The Porsche 959 is remembered a technological tour de force that forever changed the direction of supercar engineering, but in a wonderful twist of fate this pristine supercar was modified for rally, and sent off to compete in the world’s toughest race – the Paris-Dakar.
The Porsche 959
The project to design and build the Porsche 959 started with a conversation in 1981 between Porsche’s Chief Engineer Helmuth Bott and the then-new Porsche Managing Director Peter Schutz. Bott knew they needed to do something significant to update the Porsche 911 to keep it competitive and Schutz agreed.
Bott also knew that the quickest way to fast-track engineering was to race the car against the best competition in the world, making improvements and upgrades throughout the season.
He realized that the newly minted set of Group B regulations for sportscar racing and rallying introduced in 1982 would be perfect for the Porsche 959, as they required only 200 vehicles produced annually for homologation purposes, and the restrictions on engineering and vehicle specifications were exceedingly minimal.
So convinced that Group B was the future of the project that the prototype development program was named Gruppe B.
Helmuth Bott and his team of engineers went all out on the design of the prototype, they recognized that this was the car that would likely shape the future direction of the company, and they rolled a staggering array of futuristic technology into the new car.
The unibody shell was made from steel, with aluminum alloy and Aramid (Kevlar) used in many of the body panels, a Nomex floor was developed, and a complex all-wheel drive system dubbed Porsche-Steuer Kupplung (PSK) was created – an advanced computer-controlled system capable of dynamically changing torque distribution between the front and rear differentials.
The engine was based on the power unit used in the Porsche 935/78 Moby Dick race car (and several other race cars), a sequential twin-turbocharged flat-6 with double overhead cams, 4-valves per cylinder, Bosch Motronic 2.1 fuel injection, with water-cooled heads and air-cooled cylinders.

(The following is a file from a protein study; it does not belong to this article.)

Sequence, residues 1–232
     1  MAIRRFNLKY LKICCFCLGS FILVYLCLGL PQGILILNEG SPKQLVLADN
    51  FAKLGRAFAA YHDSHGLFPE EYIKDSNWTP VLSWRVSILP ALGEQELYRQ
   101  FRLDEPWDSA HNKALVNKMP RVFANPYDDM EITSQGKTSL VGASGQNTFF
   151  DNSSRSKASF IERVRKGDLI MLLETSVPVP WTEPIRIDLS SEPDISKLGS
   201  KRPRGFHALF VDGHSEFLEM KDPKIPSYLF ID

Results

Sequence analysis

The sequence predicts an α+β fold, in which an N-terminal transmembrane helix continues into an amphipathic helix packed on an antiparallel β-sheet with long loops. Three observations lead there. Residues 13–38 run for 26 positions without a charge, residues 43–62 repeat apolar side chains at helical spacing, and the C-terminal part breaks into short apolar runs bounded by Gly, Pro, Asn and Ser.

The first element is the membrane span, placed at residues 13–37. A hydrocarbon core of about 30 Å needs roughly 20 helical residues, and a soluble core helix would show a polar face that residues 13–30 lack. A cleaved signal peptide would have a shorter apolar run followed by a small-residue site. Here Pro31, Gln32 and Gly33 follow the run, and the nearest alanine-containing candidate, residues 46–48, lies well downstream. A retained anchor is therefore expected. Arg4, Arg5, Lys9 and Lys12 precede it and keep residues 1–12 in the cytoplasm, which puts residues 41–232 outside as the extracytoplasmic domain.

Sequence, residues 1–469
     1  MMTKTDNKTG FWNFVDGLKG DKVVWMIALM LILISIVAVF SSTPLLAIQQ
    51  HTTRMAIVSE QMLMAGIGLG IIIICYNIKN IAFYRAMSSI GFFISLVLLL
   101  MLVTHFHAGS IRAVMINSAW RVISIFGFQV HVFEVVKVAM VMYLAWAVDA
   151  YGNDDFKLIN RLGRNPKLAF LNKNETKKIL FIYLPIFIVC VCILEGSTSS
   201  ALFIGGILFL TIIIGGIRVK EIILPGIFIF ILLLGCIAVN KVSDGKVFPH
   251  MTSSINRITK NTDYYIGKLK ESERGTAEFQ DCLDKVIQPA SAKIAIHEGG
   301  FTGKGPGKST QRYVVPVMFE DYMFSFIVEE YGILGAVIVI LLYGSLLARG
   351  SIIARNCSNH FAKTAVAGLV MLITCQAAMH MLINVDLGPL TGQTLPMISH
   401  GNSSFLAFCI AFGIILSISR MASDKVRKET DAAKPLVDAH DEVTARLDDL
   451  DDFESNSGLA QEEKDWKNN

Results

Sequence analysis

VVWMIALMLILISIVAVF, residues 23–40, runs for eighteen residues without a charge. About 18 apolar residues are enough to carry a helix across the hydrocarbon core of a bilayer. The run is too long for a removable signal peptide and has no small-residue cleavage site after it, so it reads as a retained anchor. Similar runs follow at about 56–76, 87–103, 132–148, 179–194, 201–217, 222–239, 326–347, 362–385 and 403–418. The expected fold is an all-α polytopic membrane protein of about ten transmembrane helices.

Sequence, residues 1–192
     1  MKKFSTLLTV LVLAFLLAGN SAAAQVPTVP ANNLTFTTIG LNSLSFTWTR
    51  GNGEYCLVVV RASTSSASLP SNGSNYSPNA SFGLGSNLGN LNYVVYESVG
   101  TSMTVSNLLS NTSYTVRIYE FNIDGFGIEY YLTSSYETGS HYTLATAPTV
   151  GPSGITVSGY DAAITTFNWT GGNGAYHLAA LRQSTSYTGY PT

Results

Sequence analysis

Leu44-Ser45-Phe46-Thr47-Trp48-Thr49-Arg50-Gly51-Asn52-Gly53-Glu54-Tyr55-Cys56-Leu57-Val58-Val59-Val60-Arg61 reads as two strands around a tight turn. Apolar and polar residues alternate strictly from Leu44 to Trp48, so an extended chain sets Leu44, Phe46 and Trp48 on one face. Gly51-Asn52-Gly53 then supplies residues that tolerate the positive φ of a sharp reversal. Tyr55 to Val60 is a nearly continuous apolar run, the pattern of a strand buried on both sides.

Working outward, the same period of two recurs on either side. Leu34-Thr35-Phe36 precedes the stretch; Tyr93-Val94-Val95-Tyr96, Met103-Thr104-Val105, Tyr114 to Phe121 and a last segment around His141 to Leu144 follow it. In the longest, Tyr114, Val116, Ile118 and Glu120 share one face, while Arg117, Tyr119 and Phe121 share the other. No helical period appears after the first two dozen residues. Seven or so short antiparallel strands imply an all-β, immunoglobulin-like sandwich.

This engine has a total displacement of 2849cc, and the car has a 5-speed gearbox plus a gelände (terrain) off-road gear, as well as reverse. With 444 hp on tap and 369 ft-lbs of torque, the Porsche 959 is capable of 0-62mph in 3.7 seconds, with a top speed of 197 to 211 miles per hour depending on variant.
As it happened, Group B evolved to be far more focused on rallying than sports car racing, and the series was shuttered by the FIA in 1986. This left the Porsche 959 with unable to compete in its destined series, but Formula 1, Le Mans, and Can-Am winner Jacky Ickx struck upon the idea of modifying the 959 for the Paris-Dakar Rally, and amazingly he managed to convince Porsche to actually do it.
Although no one knew it at the time, it would be the Paris-Dakar Rally entries that would overwhelmingly define the competition life of the Porsche 959.
The 1985 Porsche 959 Paris-Dakar Racer
The project to race the 959 in the Paris-Dakar Rally began with three 911s that were modified with a series of 959 parts. Despite the fact it was their first attempt Porsche won the event, providing significant encouragement to race again the next year.
For the 1985 Paris-Dakar Porsche built three special 959s but it proved to be more of a development year with the largely new cars that were still very much pre-production prototypes. Rather than using the twin-turbo engine intended for the production 959 they used a version of the naturally-aspirated 3.2 liter Porsche 911 Carrera engine with 230 hp, a decision made to reduce complexity.
The three cars failed to finish but a year later in 1986 Porsche built three more after learning the lessons from the ’85 event. The 1986 cars would take both first and second place, forever cementing the Porsche 959 as a Paris-Dakar Champion.
In all just 6 Paris-Dakar specification 959s were built, and they almost never come up for sale. As a result of this they’ve become almost mythical creatures to the global car community. RM Sotheby’s will be offering the car shown here, currently the property of none other than Jacky Ickx, at their Porsche 70th Anniversary Sale in Atlanta on the 27th of October.
There’s currently no official estimate attached to the car but you can expect that whatever it is it’ll end in “illion”, if you’d like to see more of the car or register to bid you can click here to visit the listing.
Images: Robin Adams ©2018 Courtesy of RM Sotheby’s